If you do the math on how long you need to pay off your balance within your monthly budget, you might have more flexibility when it comes to which card you choose to apply for.
Other factors to consider
While the following factors aren’t usually a major priority when considering a balance transfer credit card, they should still generally be factored into choosing a new card.
- The cash advance rate.
This is the interest rate you’ll be charged when you get cash from an ATM or for cash-equivalent purchases such as gambling tokens.
- Cash advance fee.
A charge of up to 5% of your transaction amount may be applied to every cash advance transaction you make on your card. This is in addition to the cash advance interest rate.
- Complimentary extras.
Many credit cards include additional perks, such as complimentary travel insurance or concierge services. These extras are usually reflected in the cost of the annual fee, so make sure you’re not paying for things you don’t need and eroding your interest savings.
Some cards have their own rewards programs or frequent flyer programs, which let you earn points for new spending on your credit card. Since they often come with higher annual fees, carefully consider what you need and what you’re actually paying for. Note that balance transfers usually aren’t eligible for these points, and new purchases could attract high-interest charges if you already have a balance transfer on the card.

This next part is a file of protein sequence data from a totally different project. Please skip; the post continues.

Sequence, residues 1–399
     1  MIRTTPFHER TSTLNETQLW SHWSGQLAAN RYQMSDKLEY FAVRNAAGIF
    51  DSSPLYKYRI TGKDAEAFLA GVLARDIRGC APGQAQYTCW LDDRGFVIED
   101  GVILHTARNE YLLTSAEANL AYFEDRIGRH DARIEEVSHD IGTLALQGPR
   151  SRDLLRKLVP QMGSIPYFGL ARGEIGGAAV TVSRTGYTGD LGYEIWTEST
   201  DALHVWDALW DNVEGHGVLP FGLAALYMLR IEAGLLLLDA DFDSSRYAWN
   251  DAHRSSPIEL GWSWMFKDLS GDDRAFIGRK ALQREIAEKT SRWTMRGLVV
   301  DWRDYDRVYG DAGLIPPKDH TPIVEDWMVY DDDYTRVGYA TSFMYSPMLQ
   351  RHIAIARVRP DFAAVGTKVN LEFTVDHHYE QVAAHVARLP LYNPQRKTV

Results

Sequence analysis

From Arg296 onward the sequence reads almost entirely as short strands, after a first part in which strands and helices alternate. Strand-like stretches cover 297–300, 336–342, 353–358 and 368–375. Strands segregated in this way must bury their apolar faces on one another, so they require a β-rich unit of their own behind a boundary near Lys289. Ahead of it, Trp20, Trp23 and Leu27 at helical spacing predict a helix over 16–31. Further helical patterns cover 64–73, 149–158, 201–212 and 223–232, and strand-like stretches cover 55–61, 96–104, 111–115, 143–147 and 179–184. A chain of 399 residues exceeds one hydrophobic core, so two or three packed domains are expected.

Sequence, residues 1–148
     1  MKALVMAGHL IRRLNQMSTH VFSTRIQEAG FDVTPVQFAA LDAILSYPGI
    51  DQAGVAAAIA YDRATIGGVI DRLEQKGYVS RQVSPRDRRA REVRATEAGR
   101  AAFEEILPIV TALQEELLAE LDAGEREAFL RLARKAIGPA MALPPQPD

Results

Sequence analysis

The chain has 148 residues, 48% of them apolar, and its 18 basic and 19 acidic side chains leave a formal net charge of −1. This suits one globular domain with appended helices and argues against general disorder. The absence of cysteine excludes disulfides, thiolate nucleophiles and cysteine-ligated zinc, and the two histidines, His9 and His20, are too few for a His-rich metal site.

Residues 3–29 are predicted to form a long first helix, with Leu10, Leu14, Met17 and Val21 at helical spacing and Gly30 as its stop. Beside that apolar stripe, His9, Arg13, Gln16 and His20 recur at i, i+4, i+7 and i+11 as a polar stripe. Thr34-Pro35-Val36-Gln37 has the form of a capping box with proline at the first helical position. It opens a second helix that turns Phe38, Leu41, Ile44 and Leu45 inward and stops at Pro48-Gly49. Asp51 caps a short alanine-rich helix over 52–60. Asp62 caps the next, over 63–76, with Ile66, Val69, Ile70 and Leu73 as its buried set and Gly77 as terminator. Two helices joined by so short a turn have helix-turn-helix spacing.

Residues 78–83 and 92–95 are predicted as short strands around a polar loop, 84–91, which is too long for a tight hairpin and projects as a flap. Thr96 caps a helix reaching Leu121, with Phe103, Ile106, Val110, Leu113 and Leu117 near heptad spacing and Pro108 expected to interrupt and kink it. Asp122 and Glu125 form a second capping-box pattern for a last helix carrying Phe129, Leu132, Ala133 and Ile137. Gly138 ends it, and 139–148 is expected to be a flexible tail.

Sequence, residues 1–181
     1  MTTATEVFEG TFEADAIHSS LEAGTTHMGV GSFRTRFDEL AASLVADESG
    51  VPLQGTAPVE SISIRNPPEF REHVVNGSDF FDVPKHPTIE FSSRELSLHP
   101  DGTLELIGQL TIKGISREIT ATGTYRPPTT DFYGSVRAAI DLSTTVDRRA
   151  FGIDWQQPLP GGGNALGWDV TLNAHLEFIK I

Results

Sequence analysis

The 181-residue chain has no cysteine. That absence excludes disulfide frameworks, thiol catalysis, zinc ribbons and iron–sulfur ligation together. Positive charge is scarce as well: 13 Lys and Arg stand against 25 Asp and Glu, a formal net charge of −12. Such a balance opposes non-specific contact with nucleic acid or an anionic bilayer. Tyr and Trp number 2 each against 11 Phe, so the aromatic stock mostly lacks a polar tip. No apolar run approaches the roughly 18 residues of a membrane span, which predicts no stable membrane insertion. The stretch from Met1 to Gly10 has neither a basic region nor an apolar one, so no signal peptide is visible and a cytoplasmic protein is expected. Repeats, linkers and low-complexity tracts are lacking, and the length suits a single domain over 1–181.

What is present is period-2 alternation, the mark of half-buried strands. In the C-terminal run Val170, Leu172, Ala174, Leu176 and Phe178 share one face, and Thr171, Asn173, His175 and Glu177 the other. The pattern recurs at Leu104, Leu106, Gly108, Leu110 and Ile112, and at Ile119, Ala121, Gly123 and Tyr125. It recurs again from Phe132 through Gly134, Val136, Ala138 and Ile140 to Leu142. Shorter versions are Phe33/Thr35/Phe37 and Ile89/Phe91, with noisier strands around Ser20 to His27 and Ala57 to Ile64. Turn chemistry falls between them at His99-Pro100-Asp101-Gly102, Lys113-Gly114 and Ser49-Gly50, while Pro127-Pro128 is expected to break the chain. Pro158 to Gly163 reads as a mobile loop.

- Foreign transaction fees.
This fee applies when you use your card abroad or for online purchases from an international retailer. It’s usually around 2% to 3% of each transaction.
An additional note on purchase rates: If you know you’ll need to make purchases with the new card straight away, you may want to look at 0% intro APR balance transfer and purchase rate credit cards — just make sure you know when each of the promotional periods end as one can be shorter than the other.
Tips for making the most of a long balance transfer offer
To get the most out of your balance transfer, consider the following tips:
- Consider closing your old account if you have trouble not spending.
Closing your old account will prevent you from being charged any further costs, such as the annual fee, and eliminate the temptation of using your old credit card. Make sure the balance is zero after the transfer is complete and then call your issuer to request account closure. Note that closing your account could negatively affect your credit score.
- Make regular repayments.
Make full use of the interest-free period by drawing out a schedule of regular repayments. Aim to pay off your full balance within the promotional period if possible, and follow that schedule responsibly to achieve your debt freedom.
- Use savings to help pay down the balance.
Channel all resources towards paying off your debts, including spare cash and savings. This tip is especially relevant if you’re near the end of the balance transfer promotional period and you still have debt remaining.
- Avoid making new purchases.
Dedicate all available resources towards paying down your debt. Even if the card is offering 0% intro APR on purchases, remember that any new purchases will accrue interest and set you back.
Research your options and do the math to determine which card will deliver the greatest savings and convenience in the long run. Remember to only buy what you need and spend the rest on repaying that debt. When you compare providers for balance transfer cards, be sure to factor in how well they serve your plan on the whole rather than just the longest intro rate.